So how does an organization get started with a social media strategy? Young outlined the basic steps: build a social media team, benchmark, develop internal and external messaging, decide how you will measure/monitor social media activities, identify your audience (e.g., the majority of Pinterest users are female), have a human voice, and know your platform.

Some other tips from Young:

  • Know how often to post. People don’t want you to clog up their inbox or Facebook page. Post something relevant about every other day. Anything more becomes a distraction/annoyance.
  • Measure your reach; consider tools like HootSuite and Sprout Social.
  • Create a process for promotions. For example, K&N gave away T-shirts to customers who provided feedback.
  • Make sure everyone who needs to know is prepared to answer questions–and this includes the people on the frontline.
  • The best time to post is 8 am.
  • Train your employees on the appropriate use of social media when talking to guests, and monitor what customers are saying.
  • Be polite. Send a thank you privately for each great review. Respond publicly to negative reviews; however, know when to respond, too. If a posting is incorrect, ask the poster to consider removing it, but consider that it may do more harm than good to respond if a person is angry and just looking for an audience, or if you are angry.
  • Have a good social media policy in place that clearly outlines what can and can’t be shared.

Social media also can be used for great benefits within an organization. Young suggests using it to engage with, communicate with, recognize, and recruit/promote employees. It also can be used to share best practices, brag about team members, introduce new team members, and share great reviews (e.g., “because-of-me stories”). At K&N, Young said a university marketing student helps the organization stay current with social media tools.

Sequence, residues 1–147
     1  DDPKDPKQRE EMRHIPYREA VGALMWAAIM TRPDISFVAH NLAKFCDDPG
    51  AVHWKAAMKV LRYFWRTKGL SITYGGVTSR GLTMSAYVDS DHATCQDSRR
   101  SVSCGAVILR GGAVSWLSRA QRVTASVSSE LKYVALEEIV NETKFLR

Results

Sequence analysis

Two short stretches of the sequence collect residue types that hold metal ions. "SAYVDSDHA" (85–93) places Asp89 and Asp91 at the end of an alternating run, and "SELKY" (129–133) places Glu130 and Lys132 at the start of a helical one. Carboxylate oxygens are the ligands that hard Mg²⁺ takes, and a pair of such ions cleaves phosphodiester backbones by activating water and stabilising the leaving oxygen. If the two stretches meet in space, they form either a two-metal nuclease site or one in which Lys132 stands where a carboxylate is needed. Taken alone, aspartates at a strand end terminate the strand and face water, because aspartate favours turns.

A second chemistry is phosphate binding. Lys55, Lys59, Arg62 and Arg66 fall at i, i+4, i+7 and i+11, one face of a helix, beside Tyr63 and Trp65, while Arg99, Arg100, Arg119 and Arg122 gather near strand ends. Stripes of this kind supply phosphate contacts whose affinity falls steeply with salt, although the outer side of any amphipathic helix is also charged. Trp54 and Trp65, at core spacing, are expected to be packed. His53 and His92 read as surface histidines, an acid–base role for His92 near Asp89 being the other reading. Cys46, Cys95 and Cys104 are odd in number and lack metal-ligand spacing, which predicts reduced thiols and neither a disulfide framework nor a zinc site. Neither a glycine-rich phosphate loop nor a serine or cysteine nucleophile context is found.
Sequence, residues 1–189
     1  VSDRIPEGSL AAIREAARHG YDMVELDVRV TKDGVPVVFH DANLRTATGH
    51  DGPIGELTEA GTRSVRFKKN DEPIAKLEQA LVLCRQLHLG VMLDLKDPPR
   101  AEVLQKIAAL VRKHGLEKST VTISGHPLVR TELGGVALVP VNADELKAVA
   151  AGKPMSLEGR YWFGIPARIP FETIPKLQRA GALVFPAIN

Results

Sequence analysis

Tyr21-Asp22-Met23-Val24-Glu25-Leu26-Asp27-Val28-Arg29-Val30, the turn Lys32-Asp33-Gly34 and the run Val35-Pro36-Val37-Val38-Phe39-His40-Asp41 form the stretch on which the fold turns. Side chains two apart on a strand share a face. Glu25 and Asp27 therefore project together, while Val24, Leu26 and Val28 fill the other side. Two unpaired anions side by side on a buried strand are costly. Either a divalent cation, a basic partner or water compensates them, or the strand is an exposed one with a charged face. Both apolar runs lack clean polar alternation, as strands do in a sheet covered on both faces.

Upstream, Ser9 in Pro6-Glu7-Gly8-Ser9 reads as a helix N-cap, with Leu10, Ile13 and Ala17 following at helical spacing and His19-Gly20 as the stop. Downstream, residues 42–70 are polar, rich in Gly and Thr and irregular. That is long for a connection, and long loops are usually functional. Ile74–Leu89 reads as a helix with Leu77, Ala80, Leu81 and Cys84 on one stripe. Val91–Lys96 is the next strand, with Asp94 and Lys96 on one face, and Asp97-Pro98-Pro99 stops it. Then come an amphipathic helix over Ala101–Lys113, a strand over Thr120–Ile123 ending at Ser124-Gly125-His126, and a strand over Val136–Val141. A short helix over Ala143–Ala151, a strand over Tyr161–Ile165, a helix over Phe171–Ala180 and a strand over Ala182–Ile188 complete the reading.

Young and Schiller, who offer a learning session entitled “Cooking Up Excellence Using Baldrige Ingredients,” ended with this advice: “Have fun but use good judgment. Don’t post anything you wouldn’t want to show your mom.”

How does your organization’s social media strategy measure up? And can your organization be depicted in one clear image?

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3 Responses to Picture the Perfect Burger. . . .

  1. Gerardo Paredes says:

    Excelent Article

  2. Harry Hertz says:

    I saw the title for this blog posting and I immediately thought of my favorite burger, the Baldrige Burger. As many of us know, the Baldrige Criteria framework has been referred to as a burger because it is shaped just like a burger on a bun. And I can’t think of a better celebration of the Fourth of July than to rededicate ourselves to what has and can make America great, great institutions striving for competitive excellence!

    Best wishes to all for a great holiday!


  3. David F says:

    Great to see, yet another high-performance Texas organization. Good luck to you all. Yea Harry, that great ‘burger’ framework.